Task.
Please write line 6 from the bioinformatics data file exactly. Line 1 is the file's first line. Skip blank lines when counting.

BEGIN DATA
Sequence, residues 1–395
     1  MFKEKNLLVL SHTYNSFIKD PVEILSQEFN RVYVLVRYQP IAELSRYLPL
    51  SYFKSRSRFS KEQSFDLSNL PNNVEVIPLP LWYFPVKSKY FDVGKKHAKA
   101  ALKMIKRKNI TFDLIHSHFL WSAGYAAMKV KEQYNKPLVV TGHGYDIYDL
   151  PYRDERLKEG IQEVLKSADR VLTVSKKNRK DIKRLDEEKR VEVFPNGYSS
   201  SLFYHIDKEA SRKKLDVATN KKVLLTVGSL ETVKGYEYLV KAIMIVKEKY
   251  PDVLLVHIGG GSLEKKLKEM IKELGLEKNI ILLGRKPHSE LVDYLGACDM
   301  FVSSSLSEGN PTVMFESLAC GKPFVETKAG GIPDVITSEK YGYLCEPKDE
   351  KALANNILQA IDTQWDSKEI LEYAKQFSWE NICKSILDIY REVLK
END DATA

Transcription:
   201  SLFYHIDKEA SRKKLDVATN KKVLLTVGSL ETVKGYEYLV KAIMIVKEKY